Results of the tests: Battery temp estimated at 11°
sg1 to sg6 are results for specific gravity from negative to positive terminal
ID Voltage sg1 sg2 sg3 sg4 sg5 sg6 1 12.86/7 1.250 1.250 1.250 1.240 1.240 1.240 2 12.88/9 1.255 1.260 1.255 1.250 1.250 1.250 3 12.88/9 1.250 1.250 1.240 1.255 1.250 1.250 4 12.82/3 1.245 1.250 1.245 1.242 1.237 1.235
Only one cell reached the 1.260 I was hoping for. Battery 4 was not charged as well as the others
Connected Batt 4 via Victron MPPT controller. At the end of the day the LED indicated float charging i.e. battery at or over 80%. I used this as load battery.
Once Batt 4 reached the float charge today I disconnected it and connected Bat3 which is now the load battery.
When Batt 3 reaches float charge early one afternoon I will disconnect it and reconnect Bat4. Once I have done this to each a few times I will check the specific gravity and if they are compatible will connect them in parallel.
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Most cases of sulfation are caused by:
UNDER CHARGING OR NEGLECT OF EQUALISING CHARGE
When a cycled battery is charged repeatedly at low rates but not fully charged, the acid is not effectively driven out of the plates, particularly the lower parts, and sulfation results.
Repeated partial charges which do not effect thorough mixing of the electrolyte also result in sulfation. It is difficult in normal battery operation to determine just when sulfation begins, and only by giving periodic equalizing charges and comparing individual cell specific gravity and voltage reading can it be detected in its early stages and corrected or prevented.
Troublesome sulfation does not occur in less than 30 days.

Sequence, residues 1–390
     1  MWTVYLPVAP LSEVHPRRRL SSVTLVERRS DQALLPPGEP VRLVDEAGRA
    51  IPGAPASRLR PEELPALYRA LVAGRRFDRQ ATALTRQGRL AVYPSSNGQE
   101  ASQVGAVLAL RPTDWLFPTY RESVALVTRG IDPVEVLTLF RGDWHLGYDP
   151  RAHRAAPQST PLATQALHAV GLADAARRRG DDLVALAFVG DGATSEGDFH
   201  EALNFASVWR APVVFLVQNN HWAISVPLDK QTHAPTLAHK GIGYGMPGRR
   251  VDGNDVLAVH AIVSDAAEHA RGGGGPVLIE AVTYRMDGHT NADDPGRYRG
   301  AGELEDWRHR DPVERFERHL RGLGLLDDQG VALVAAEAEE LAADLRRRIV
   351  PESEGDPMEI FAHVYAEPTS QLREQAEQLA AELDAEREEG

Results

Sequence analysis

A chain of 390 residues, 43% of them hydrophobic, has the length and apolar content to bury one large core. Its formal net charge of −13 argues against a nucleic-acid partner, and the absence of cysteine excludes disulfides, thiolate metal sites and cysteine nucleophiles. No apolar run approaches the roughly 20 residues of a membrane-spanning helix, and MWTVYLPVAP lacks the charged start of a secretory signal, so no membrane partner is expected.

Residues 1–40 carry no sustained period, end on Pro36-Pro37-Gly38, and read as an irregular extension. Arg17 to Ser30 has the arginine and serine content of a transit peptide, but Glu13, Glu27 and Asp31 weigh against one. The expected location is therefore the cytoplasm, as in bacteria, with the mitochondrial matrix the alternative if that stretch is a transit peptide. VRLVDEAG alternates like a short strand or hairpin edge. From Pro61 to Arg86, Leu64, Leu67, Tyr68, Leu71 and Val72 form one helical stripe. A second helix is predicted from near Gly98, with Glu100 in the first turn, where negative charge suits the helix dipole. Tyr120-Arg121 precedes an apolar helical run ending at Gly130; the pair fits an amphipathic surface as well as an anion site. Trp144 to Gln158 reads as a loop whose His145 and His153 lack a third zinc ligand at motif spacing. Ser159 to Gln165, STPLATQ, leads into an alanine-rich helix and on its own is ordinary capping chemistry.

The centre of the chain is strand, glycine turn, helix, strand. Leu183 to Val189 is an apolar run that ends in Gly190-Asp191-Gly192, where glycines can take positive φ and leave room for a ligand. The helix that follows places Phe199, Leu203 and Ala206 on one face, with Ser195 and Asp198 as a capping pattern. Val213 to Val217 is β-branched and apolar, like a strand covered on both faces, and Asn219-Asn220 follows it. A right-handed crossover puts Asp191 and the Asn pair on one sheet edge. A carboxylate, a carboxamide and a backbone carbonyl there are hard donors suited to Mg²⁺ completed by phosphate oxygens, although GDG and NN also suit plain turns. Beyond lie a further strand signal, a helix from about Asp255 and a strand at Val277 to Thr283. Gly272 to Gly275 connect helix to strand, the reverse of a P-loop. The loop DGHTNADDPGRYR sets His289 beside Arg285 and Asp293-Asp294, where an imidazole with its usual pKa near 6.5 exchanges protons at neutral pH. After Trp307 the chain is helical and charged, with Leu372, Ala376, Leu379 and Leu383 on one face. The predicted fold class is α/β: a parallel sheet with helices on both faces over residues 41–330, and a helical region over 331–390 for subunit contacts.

STANDING IN A PARTIALLY OR COMPLETELY DISCHARGED CONDITION
Permitting a battery to stand in a partially discharged condition for long periods allows the sulphate deposited on the plates to harden and the pores to close.
Batteries should be charged as soon as practicable after discharge and not allowed to stand in a completely discharged condition for more than one month. During freezing weather the battery should be recharged immediately following discharge to prevent freezing.
If the level of the electrolyte is permitted to fall below the tops of the plates the exposed surfaces will harden and become sulphated.
If acid is added to a cell in which sulfation exists the condition will be aggravated.
HIGH SPECIFIC GRAVITY
In general, the higher the fully charged specific gravity of a cell the more likely is sulfation to occur and the more difficult to reduce. If in any battery there exists cells having specific gravity more than 0.015 above the average, the possibility of sulfation in these cells will be enhanced.
High temperatures accelerate sulfation, particularly of and idle, partially discharged battery.
All cells of a sulphated battery will give low specific gravity and voltage readings. They will not become fully charged after normal charging. An internal inspection will disclose negative plates having a slate like feeling, sulphated negative-plate material being hard and gritty and having a sandy feeling when rubbed between thumb and forefinger.
The internal inspection should be made after a normal charge, since a discharged plate is always somewhat sulphated. A good fully charged negative plate is spongy and springy to the touch and gives a metallic sheen when stroked with the fingernail or knife. A sulphated positive plate is a lighter brown colour than the normal plate.